Cambodian Silver Sculpture of the Buddha - FZ.422 - For Sale

Cambodian Silver Sculpture of the Buddha - FZ.422
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This striking silver Buddha dates to one of the most troubled and dynamic periods of Cambodian history. After the fall of Angkor and the great Khmer Empire in the 15th Century, Cambodia fell under the control of the Thai until the French granted independence in 1953. In many senses the piece looks back towards the Golden age of Khmer civilization, when the kingdom of Kambuja ruled vast territories from its capital in the region of Angkor in western Cambodia. The empire was enlarged at considerable cost to neighbouring Vietnam and the Cham peoples, but Khmer cultural creativity and artistic production was admired throughout the region. However, socioeconomic deterioration saw the gradual collapse of this great empire in the 15th century. The so-called Dark ages were characterised by the Cambodia’s increasing powerlessness to prevent being used as a pawn in the struggles between Vietnam and Siam (Thailand), which resulted in annexation of rich mineral and agricultural lands and a resulting impoverishment of the populace. Partly to stave off a total defeat at the hands of their voracious neighbours, Cambodia signed a treaty with France that was designed to provide revenue for the latter, and protection for the former. While the exact terms of the deal were amended to Cambodia’s cost, the effect was positive. Perhaps most significantly, from our point of view, they retained a highly active and creative artistic and cultural identity, which is manifested in the current piece.This silver sculpture of the Buddha reveals the influence of foreign cultures on the art of Cambodia. Thailand, which began as a breakaway province of the Khmer Empire with the establishment of the Sukhothai Kingdom in 1238, was initially artistically and culturally indebted to the Khmer. By the time this sculpture was created however, the art of Cambodia had come to reflect Thai artistic trends. Here, the Buddha is seated in the Vajraparyanka lotus posture (Padmasana) resting his arms in the Bhumisparsa mudra, or “gesture of touching the earth.” A symbol of unshakable faith and resolution, this mudra portrays the Buddha taking the earth as his witness. The Buddha is seated upon a high, tiered, triangular lotus throne. Highly ornamented with incised stylised foliage and partially covered in a draped fabric, this type of pedestal is characteristic of Thai Buddhas. Furthermore, the modeling of the Buddha himself is related to the art of Thailand, specifically the Buddha’s tightly curled hair and the flame of enlightenment that rises out of his ushnisa. This precious work, rendered in silver atop an earthen core and featuring an inscription on its back, was used as a means for reflective focus. Today, it stands as a beautiful testament to the tumultuous history of Cambodia and the spiritual beliefs of her people.The inscription on the reverse dates this piece to the Buddhist year 2414, equivalent to 1871. - (FZ.422)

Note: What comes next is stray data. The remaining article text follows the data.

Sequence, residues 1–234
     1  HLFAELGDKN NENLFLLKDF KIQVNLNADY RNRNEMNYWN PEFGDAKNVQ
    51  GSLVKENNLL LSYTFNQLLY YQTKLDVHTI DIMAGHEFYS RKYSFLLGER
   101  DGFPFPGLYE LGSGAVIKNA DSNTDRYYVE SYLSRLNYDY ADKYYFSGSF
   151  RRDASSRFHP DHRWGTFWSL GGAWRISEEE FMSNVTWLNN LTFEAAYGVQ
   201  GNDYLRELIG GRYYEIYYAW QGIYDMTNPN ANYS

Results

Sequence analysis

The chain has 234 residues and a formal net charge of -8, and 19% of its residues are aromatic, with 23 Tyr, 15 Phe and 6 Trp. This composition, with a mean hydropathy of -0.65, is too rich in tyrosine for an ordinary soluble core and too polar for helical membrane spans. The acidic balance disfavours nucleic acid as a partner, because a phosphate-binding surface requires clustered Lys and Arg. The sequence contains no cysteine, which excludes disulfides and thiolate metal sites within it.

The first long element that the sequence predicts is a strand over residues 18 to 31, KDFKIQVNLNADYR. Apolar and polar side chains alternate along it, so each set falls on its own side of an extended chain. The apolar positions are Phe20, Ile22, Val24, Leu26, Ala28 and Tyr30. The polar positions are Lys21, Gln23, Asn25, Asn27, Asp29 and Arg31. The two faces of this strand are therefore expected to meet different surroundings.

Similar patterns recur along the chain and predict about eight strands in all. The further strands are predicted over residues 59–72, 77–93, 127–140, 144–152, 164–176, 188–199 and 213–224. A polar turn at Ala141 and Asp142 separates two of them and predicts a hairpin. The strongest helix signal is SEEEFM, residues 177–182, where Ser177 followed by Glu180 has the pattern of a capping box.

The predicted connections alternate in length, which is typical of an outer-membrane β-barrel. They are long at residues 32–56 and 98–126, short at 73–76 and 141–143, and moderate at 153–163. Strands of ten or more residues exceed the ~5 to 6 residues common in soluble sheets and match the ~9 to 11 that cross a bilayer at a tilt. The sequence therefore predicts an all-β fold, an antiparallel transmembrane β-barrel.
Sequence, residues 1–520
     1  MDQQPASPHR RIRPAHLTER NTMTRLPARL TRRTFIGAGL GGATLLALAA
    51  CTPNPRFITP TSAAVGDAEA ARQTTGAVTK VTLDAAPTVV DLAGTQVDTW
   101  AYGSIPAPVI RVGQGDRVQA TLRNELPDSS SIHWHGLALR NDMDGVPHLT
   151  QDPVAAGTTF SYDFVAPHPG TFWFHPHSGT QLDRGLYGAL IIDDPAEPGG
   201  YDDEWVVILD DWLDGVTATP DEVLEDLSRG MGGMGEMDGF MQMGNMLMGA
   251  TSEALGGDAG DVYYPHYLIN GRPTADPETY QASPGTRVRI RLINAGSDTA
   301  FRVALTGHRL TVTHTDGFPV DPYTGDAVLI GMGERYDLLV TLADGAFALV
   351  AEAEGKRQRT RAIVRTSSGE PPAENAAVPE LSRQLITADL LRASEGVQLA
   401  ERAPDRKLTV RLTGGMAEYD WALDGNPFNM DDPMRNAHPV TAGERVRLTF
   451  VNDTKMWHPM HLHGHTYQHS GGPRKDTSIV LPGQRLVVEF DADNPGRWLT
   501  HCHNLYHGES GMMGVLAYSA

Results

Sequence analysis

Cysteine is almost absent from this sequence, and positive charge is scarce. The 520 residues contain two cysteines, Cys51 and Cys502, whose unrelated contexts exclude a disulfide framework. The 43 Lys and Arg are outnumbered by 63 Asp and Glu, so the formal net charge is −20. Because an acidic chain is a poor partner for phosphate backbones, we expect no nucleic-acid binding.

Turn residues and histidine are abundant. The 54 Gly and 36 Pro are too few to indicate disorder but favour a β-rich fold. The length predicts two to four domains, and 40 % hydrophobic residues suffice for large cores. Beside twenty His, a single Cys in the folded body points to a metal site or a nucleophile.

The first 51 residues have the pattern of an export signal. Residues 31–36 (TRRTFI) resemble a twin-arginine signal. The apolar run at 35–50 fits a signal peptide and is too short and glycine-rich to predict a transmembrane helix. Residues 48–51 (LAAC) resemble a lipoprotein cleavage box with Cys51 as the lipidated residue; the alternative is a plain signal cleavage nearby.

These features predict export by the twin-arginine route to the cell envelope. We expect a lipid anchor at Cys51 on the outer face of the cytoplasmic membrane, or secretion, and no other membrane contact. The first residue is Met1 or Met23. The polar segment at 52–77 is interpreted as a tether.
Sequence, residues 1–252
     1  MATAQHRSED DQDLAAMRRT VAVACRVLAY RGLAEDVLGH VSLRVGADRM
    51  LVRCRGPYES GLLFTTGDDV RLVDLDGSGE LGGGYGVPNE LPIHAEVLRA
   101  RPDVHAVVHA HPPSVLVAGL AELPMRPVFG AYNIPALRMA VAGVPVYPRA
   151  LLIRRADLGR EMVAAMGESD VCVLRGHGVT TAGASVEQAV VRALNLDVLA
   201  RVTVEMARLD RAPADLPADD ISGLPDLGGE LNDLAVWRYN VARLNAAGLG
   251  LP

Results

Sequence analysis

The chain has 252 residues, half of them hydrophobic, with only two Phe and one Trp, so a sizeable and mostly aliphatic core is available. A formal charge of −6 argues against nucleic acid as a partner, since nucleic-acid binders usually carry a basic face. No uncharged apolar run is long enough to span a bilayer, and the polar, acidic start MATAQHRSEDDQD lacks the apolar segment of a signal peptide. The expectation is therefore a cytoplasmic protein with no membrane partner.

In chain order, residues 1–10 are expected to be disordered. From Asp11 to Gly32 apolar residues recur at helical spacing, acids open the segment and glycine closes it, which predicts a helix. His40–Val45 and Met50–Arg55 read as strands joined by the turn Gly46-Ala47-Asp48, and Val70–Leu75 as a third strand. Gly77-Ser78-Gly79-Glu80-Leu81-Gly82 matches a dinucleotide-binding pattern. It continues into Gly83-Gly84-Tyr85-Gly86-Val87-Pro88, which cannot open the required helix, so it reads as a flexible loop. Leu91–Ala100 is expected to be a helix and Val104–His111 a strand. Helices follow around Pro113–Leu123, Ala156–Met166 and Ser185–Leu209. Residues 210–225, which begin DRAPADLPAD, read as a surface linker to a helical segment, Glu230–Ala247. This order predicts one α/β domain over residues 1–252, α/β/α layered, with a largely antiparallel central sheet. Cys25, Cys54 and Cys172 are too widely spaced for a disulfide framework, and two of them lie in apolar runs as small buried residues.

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Barakat Gallery
405 North Rodeo Drive
Beverly Hills
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